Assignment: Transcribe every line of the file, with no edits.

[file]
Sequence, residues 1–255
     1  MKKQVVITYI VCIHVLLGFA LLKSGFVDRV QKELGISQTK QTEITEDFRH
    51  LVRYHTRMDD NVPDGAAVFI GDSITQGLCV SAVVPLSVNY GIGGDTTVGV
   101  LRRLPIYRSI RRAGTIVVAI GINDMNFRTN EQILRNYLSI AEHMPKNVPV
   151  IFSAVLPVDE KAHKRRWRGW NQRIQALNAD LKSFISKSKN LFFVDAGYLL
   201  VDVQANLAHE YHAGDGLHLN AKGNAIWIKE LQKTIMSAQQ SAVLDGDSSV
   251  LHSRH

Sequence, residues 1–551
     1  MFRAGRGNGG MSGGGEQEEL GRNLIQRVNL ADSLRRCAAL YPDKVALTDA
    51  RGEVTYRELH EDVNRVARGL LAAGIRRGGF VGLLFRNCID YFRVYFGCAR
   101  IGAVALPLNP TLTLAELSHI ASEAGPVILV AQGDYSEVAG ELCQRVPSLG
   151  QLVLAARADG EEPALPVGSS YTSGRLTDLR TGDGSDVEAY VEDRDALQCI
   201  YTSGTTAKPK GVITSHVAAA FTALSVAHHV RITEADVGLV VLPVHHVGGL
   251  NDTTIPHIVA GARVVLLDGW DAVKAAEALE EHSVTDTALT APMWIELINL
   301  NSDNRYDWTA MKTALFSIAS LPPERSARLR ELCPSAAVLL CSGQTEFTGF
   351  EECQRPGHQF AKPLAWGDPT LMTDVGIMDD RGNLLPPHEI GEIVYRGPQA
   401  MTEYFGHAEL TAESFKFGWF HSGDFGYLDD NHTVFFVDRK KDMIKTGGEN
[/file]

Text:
Sequence, residues 1–255
     1  MKKQVVITYI VCIHVLLGFA LLKSGFVDRV QKELGISQTK QTEITEDFRH
    51  LVRYHTRMDD NVPDGAAVFI GDSITQGLCV SAVVPLSVNY GIGGDTTVGV
   101  LRRLPIYRSI RRAGTIVVAI GINDMNFRTN EQILRNYLSI AEHMPKNVPV
   151  IFSAVLPVDE KAHKRRWRGW NQRIQALNAD LKSFISKSKN LFFVDAGYLL
   201  VDVQANLAHE YHAGDGLHLN AKGNAIWIKE LQKTIMSAQQ SAVLDGDSSV
   251  LHSRH

Sequence, residues 1–551
     1  MFRAGRGNGG MSGGGEQEEL GRNLIQRVNL ADSLRRCAAL YPDKVALTDA
    51  RGEVTYRELH EDVNRVARGL LAAGIRRGGF VGLLFRNCID YFRVYFGCAR
   101  IGAVALPLNP TLTLAELSHI ASEAGPVILV AQGDYSEVAG ELCQRVPSLG
   151  QLVLAARADG EEPALPVGSS YTSGRLTDLR TGDGSDVEAY VEDRDALQCI
   201  YTSGTTAKPK GVITSHVAAA FTALSVAHHV RITEADVGLV VLPVHHVGGL
   251  NDTTIPHIVA GARVVLLDGW DAVKAAEALE EHSVTDTALT APMWIELINL
   301  NSDNRYDWTA MKTALFSIAS LPPERSARLR ELCPSAAVLL CSGQTEFTGF
   351  EECQRPGHQF AKPLAWGDPT LMTDVGIMDD RGNLLPPHEI GEIVYRGPQA
   401  MTEYFGHAEL TAESFKFGWF HSGDFGYLDD NHTVFFVDRK KDMIKTGGEN